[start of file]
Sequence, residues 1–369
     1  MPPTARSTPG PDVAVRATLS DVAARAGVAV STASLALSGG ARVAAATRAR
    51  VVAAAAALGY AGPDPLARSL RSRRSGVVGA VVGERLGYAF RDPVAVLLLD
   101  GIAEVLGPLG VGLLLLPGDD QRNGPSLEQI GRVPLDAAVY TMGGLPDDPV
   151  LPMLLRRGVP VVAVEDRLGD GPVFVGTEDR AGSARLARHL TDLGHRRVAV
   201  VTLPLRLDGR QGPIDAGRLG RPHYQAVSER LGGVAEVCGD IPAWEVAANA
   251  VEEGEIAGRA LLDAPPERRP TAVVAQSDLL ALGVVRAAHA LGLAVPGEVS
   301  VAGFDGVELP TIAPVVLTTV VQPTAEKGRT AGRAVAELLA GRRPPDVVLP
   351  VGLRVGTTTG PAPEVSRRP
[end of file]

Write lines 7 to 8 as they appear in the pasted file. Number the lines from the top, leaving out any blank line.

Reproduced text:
   251  VEEGEIAGRA LLDAPPERRP TAVVAQSDLL ALGVVRAAHA LGLAVPGEVS
   301  VAGFDGVELP TIAPVVLTTV VQPTAEKGRT AGRAVAELLA GRRPPDVVLP